The effects of climate change are increasingly causing problems for the moors in Lower Saxony. According to the first results of a study by the Lower Saxony Ministry for the Environment, Energy and Climate Protection, the loss of moors and peat bogs is greater than previously thought. The main reason is the drought in recent years.

According to estimates by the organization BUND Niedersachsen, only five percent of the moor areas are currently intact. The environmental organization calls for binding deadlines, funds and more staff to protect the moors.

The “Potential Study Moore in Lower Saxony” is intended to create a basis for targeted protective measures. An example of an ongoing rewetting are areas in the Hanoverian Moorgeest. Among other things, drainage ditches are being closed and dams are being built there. “We are already recording significantly higher water levels in these areas,” said project manager Susanne Brosch from the Lower Saxony State Office for Water Management, Coastal Protection and Nature Conservation.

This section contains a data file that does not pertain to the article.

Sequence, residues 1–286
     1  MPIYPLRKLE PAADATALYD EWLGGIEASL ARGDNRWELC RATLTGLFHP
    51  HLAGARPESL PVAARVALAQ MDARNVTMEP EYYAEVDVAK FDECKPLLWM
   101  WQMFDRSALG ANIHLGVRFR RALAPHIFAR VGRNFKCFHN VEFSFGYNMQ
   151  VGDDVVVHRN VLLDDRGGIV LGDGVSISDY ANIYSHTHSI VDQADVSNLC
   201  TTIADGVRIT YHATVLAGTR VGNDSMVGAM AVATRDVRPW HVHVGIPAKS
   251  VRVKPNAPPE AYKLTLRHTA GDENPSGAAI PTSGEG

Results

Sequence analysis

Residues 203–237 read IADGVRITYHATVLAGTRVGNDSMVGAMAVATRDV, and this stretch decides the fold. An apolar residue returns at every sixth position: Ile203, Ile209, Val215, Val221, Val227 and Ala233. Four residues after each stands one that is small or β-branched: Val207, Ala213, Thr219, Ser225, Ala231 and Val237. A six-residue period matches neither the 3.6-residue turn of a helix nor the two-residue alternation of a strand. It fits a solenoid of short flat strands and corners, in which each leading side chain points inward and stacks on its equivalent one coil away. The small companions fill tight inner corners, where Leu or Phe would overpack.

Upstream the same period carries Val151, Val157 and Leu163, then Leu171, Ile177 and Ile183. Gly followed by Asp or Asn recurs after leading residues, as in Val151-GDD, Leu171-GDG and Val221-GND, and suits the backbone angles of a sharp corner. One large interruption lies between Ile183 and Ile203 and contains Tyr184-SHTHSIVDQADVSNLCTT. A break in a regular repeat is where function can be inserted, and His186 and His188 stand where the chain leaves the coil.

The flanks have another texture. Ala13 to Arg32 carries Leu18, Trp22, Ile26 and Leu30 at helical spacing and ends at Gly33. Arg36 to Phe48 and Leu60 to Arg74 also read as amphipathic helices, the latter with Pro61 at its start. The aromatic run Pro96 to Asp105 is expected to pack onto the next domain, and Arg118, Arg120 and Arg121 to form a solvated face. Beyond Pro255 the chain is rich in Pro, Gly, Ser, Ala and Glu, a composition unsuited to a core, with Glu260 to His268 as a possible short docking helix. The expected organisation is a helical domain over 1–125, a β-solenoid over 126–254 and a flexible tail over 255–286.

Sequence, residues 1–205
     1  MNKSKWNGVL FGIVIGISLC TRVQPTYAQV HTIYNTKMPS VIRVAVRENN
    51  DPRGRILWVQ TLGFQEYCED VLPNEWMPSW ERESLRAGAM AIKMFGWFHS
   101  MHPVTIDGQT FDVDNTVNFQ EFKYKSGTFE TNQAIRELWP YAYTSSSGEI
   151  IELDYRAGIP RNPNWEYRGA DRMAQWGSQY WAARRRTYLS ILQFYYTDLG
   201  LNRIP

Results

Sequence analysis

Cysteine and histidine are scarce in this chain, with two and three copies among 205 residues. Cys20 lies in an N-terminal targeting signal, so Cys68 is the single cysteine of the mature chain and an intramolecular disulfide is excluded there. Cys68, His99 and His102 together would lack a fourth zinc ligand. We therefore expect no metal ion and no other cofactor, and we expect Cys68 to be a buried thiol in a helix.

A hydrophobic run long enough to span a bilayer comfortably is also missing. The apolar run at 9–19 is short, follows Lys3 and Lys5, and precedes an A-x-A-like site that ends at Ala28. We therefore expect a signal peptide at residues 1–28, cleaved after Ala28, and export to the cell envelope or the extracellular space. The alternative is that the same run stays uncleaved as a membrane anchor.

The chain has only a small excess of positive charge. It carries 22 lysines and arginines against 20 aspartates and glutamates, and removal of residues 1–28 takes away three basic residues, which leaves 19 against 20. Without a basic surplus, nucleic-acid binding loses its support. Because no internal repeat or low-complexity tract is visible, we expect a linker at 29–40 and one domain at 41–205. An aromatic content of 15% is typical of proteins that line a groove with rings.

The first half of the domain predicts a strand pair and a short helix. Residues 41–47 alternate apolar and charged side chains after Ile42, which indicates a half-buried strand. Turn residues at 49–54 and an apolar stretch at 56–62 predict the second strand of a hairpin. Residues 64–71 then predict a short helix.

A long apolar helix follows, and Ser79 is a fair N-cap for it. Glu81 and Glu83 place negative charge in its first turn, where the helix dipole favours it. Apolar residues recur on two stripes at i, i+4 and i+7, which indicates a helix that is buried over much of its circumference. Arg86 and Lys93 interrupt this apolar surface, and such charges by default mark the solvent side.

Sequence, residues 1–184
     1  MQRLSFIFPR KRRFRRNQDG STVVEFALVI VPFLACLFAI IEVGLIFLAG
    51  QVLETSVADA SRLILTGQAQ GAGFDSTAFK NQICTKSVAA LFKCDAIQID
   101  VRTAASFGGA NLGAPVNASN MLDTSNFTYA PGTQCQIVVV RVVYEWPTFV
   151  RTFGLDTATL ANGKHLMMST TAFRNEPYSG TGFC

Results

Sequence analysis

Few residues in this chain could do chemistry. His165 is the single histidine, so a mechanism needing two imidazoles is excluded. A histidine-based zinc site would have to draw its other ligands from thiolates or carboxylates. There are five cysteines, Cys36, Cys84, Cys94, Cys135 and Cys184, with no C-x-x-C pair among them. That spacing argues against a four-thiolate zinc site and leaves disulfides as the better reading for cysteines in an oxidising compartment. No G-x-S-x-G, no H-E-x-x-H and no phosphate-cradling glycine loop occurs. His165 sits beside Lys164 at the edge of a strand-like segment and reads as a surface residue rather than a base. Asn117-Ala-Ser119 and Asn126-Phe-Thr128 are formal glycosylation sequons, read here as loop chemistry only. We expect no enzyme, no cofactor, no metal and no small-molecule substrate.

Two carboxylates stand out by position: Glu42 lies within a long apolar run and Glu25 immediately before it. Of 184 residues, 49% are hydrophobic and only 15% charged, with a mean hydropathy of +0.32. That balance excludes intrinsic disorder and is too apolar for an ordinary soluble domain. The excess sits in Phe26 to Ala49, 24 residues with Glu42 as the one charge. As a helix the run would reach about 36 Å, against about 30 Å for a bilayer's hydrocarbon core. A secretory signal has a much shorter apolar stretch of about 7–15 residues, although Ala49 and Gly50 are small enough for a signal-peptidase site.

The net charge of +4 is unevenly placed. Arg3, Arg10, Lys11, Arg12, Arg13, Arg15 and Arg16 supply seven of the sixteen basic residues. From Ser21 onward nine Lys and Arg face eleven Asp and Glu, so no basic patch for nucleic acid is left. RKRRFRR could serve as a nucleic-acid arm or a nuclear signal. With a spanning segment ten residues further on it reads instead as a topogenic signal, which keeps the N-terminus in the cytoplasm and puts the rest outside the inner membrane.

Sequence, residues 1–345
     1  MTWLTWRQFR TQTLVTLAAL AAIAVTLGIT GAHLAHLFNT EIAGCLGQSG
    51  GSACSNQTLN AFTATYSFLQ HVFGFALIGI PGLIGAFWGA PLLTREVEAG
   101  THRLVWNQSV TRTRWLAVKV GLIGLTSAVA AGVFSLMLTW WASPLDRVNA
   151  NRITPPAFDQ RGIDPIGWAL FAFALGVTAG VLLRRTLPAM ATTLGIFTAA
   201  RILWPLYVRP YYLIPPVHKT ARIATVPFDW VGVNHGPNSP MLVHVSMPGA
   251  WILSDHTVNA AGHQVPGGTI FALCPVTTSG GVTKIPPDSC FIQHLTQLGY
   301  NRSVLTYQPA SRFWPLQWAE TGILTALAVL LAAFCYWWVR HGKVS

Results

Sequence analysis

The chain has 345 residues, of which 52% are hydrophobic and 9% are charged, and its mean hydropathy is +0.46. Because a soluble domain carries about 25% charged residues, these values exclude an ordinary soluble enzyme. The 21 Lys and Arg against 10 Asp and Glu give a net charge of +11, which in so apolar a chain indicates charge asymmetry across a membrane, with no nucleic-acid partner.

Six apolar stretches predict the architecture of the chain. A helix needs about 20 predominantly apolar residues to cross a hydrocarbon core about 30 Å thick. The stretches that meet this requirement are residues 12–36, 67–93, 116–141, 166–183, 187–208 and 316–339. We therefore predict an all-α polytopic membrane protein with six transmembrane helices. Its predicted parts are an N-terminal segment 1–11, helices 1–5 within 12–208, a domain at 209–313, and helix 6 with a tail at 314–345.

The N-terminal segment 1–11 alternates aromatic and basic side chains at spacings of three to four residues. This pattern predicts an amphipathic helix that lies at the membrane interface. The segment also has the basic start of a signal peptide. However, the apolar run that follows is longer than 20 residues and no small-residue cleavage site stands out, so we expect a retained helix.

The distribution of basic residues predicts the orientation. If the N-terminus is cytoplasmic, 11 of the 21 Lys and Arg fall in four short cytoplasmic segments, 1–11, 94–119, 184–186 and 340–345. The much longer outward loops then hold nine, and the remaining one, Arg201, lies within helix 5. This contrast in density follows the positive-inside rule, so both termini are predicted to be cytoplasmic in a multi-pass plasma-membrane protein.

Moore store large amounts of the greenhouse gas carbon dioxide and therefore play an important role in climate protection. However, they only fulfill this storage function when they are wet – drained and drained bogs release a great deal of carbon dioxide into the atmosphere.

Lower Saxony is the federal state with the largest proportion of moors: 14 percent of the state area. According to the ministry, around 11,000 hectares of moorland have been or are being rewetted. In addition, according to the information, there are around 21,000 hectares of former peat extraction areas that have been rewetted since 1945 or are still to be rewetted.